How can you avoid being scammed by a worthless product? Though health fraud marketers have become more sophisticated about selling their products, Aronson says, these charlatans often use the same old phrases and gimmicks to gain consumers’ attention–and trust. You can protect yourself by learning some of their techniques.
The following products typify three fraudulent products whose claims prompted FDA to issue warning letters to the products’ marketers, notifying them that their products violated federal law. Two of the products also were added to FDA’s import alert list of unapproved new drugs promoted in the United States. Products under import alert are barred from entry onto the U.S. market.
Take a look at these products’ promotions. They are rife with the kind of red flags to look out for when deciding whether to try a health product unknown to you.

Here are some more entries on RIFE:

The complainant is concerned that their sibling is paying a lot of money for a quack treatment with an unapproved device to cure them of infection with 40 different organisms. The complainant didn’t have any direct info about the product or treatment; just that provided by sibling in a personal email. The product is the rife technology beam ray (which has been around for 60+ years). They were told the device is approved for veterinary use but not human use. To get around this, the pt has to hold a small animal while receiving treatment. Caregiver allegedly sells the device also, but because it is unapproved, they sell it in pieces instead of as a single unit. The complainant spoke to someone at ftc and was told that ftc has taken action against a distributor/practitioner. (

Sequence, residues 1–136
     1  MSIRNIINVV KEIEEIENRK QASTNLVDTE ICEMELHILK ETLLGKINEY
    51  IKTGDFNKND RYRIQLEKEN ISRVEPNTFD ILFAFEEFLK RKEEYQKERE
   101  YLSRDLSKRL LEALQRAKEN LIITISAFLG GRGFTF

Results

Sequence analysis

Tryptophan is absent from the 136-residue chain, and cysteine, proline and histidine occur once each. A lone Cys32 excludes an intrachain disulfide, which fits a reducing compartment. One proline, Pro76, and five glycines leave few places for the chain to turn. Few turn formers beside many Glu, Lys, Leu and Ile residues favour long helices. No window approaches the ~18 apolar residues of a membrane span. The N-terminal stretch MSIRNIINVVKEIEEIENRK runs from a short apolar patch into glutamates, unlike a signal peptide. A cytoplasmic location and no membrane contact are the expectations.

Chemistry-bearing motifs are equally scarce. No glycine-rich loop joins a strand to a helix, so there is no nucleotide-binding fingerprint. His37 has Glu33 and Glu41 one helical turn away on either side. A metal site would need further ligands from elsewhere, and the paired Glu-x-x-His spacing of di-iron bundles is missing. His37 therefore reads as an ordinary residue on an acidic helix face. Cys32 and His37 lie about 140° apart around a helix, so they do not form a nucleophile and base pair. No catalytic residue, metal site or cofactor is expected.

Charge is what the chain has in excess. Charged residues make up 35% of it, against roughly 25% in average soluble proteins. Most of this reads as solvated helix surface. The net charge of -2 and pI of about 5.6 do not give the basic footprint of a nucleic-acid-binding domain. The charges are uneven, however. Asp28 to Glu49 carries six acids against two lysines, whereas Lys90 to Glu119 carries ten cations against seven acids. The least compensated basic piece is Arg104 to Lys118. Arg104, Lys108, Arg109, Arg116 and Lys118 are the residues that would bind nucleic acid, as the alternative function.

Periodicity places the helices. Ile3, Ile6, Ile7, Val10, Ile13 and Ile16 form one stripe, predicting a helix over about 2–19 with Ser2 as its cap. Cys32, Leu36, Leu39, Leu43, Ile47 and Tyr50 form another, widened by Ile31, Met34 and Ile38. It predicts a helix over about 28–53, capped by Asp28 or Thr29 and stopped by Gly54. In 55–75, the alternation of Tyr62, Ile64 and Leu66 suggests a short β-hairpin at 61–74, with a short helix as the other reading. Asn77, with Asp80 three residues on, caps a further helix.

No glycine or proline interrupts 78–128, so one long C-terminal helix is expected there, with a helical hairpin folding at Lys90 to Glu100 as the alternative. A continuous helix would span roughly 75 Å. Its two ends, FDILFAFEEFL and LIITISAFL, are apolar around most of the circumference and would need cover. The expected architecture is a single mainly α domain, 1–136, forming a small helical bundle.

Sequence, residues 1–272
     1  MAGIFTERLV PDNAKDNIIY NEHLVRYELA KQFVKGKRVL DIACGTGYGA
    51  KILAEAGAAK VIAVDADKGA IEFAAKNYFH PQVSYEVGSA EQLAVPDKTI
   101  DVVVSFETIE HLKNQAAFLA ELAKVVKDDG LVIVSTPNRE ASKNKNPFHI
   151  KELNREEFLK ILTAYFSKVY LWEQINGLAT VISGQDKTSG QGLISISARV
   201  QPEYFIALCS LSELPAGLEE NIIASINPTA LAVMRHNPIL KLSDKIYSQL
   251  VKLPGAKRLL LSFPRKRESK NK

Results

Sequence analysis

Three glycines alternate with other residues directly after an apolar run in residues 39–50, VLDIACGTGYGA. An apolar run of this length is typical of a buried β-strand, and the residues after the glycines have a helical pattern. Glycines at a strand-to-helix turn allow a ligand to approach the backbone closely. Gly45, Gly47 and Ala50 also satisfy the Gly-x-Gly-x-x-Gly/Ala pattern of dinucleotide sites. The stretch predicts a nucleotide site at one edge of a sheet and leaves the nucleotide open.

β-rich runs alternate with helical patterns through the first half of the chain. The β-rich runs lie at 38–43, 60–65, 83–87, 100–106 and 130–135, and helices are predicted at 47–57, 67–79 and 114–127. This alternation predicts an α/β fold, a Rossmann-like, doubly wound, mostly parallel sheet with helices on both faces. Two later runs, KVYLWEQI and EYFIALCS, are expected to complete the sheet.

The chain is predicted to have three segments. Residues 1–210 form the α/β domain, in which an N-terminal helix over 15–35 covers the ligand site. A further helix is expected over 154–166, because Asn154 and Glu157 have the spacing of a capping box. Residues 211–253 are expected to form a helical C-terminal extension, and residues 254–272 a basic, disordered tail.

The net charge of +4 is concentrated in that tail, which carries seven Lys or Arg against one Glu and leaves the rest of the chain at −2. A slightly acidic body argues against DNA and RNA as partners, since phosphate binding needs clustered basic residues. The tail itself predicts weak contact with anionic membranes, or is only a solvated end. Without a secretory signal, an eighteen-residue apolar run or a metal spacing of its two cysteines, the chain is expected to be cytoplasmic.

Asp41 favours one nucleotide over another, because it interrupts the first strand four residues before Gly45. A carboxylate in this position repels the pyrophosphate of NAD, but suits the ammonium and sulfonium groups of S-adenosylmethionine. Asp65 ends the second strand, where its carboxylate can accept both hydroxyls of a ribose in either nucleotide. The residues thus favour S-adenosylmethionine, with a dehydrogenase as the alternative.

This is from a 1994 FDA Consumer article still on the FDA website: “RIFE generator promoters claim that they can insert a person’s photograph into their device and diagnose medical conditions. FDA has not approved the marketing of this device, nor is there any scientific basis for this claim.”
One also needs to review the FTC site regarding enforcement actions relating to advertising and claims.